b. 8 November 1954, Chicago, Illinois, USA. Jones emerged from a thriving Los Angeles bohemian sub-culture in 1979 with a buoyant debut album, peppered with images of streetwise characters and indebted, lyrically, to beat and jazz styles. The set included the Chuck E. Weiss tribute “Chuck E.’s In Love”, a US Top 5 single, and “Easy Money”, a song previously covered by Little Feat guitarist Lowell George on his 1978 solo debut. Other selections bore a debt to fellow songwriter Tom Waits to whom Jones was briefly romantically linked. Although Rickie Lee Jones garnered popular success and critical plaudits and led to a Grammy Award for Best New Artist, the singer refused to be rushed into a follow-up. Two years later, Pirates, a less instantaneous, yet more rewarding collection, offered a greater perception and while still depicting low-rent scenarios, Jones revealed a hitherto hidden emotional depth in detailing her break-up from Waits. The mini-album Girl At Her Volcano, a collection of live performances of old standards and studio out-takes, marked time until the release of The Magazine in 1984. This ambitious work confirmed the artist’s imagination and blended her accustomed snappy, bop-style (“Juke Box Fury”, “It Must Be Love”) with moments of adventurousness, in particular the multi-part “Rorschachs”. The album, co-produced by composer James Newton Howard, also confirmed Jones as an expressive vocalist, at times reminiscent of Laura Nyro.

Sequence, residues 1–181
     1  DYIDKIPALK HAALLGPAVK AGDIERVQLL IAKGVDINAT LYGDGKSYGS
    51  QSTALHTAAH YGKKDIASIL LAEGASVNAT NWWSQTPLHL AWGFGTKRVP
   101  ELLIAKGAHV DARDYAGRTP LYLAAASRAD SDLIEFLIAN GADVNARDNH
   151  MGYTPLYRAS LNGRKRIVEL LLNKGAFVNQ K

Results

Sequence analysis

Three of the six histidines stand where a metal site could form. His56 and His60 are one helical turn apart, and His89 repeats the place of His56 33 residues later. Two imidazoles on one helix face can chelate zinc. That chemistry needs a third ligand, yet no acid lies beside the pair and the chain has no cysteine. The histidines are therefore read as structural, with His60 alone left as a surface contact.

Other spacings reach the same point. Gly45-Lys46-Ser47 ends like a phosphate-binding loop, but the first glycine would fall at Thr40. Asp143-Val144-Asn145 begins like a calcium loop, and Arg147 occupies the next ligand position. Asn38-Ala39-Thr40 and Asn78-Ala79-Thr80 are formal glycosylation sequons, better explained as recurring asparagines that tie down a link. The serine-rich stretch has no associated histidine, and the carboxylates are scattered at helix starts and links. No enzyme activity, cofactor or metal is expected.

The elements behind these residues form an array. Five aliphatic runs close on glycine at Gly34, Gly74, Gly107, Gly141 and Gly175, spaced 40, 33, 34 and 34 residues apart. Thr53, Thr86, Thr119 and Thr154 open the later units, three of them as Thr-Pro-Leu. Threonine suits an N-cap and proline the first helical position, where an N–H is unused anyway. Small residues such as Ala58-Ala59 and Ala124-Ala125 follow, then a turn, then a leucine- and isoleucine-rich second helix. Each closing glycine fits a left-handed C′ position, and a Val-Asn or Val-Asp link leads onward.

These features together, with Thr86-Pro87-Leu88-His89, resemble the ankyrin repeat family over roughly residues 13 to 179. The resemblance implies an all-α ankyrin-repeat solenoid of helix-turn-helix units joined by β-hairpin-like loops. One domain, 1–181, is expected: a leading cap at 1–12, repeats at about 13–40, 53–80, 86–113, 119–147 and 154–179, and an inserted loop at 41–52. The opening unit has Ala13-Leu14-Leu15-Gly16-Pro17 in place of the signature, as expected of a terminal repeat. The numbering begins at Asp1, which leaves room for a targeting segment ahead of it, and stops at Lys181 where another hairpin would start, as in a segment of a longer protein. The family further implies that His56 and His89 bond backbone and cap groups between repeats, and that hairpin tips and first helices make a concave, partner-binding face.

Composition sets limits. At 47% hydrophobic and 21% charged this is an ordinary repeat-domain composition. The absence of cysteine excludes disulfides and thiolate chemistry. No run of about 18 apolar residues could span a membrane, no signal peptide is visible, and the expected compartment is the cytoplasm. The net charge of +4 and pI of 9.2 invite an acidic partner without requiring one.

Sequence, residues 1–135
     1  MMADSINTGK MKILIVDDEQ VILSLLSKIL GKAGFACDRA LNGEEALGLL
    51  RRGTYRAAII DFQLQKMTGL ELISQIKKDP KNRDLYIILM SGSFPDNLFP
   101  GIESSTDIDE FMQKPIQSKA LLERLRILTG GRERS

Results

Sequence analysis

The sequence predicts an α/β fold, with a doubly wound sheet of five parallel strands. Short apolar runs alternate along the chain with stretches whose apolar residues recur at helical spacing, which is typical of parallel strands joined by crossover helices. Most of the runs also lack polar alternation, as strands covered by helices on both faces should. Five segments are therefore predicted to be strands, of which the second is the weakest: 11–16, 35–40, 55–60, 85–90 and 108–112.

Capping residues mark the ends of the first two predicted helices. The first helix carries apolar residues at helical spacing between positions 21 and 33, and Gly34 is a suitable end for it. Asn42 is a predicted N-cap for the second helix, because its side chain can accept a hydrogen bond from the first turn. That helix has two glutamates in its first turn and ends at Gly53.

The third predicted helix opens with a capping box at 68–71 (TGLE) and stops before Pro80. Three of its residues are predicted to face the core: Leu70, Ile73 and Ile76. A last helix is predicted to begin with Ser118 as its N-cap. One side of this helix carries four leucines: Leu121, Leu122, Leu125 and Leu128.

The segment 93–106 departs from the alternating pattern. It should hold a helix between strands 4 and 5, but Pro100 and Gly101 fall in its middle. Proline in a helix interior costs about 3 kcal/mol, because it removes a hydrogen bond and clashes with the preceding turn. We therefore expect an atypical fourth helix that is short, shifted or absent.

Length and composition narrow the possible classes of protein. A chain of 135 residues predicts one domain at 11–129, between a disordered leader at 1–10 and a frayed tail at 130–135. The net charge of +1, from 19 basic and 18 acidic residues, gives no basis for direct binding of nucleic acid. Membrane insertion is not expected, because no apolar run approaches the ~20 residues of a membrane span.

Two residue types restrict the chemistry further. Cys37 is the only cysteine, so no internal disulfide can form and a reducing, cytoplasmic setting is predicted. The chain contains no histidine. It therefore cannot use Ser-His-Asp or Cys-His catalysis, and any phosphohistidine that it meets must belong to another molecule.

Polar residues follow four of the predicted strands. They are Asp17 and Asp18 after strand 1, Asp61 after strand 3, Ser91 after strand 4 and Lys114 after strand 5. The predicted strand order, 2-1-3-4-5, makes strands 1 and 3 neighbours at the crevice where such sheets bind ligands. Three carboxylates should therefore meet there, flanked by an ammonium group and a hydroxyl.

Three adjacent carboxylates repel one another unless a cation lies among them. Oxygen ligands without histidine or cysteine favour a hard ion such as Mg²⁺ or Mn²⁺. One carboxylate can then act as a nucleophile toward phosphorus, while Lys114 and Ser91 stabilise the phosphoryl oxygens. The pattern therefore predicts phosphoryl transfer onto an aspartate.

Jones retreated from the music business in the mid-80s, tackling a number of personal issues and giving birth to her daughter. It was not until 1989 that a further album, Flying Cowboys, was issued on her new label Geffen Records. While lacking the overall strength of its predecessors, the record maintained its creator’s reputation for excellence. The set was produced by Walter Becker and featured backing from Scottish band the Blue Nile. Later in the year Jones, in collaboration with Dr. John, won a Grammy Award for Best Jazz Duet for their cover version of “Makin’ Whoopee”. The stripped down 1991 album Pop Pop stretched the idea behind Girl At Her Volcano to album length, with Jones tackling jazz standards by the likes of Cole Porter and Sammy Cahn alongside material from the late 60s psychedelic scene.
The 1993 release Traffic From Paradise revealed Jones’ songwriting muse to be in fine working order, although her cover of David Bowie’s “Rebel Rebel’ was the stand-out track. Released in 1995, Naked Songs, Jones” contribution to the unplugged phenomenon, was followed by the stridently modern Ghostyhead, on which Jones embraced the rhythms of contemporary dance music. It’s Like This, another cover versions album and the artist’s first for the independent Artemis Records label, was in marked contrast, offering more unique takes on songs as diverse as Leonard Bernstein and Stephen Sondheim’s “One Hand, One Heart” and Traffic’s “The Low Spark Of High Heeled Boys”.
Following a strong live set, Jones returned to the studio to record her first album of original material in over five years, The Evening Of My Best Day (2003). With Jones’ muse reawakened by her anger and misgivings over the flawed election of George W. Bush, she fashioned her strongest collection of songs since Pirates. The excellent compilation set Duchess Of Coolsville, which was released in 2005, showcased many unreleased live songs and demo tracks. The same year, Jones began work with her friend and author Lee Cantelon on a musical version of his book The Words, a contemporary presentation of the teachings of Jesus Christ. Her own recording The Sermon On Exposition Boulevard developed from this project, featuring several lo-fi tracks from the original sessions alongide a second group of more fully-realised songs recorded at a later date with producer Rob Schnapf.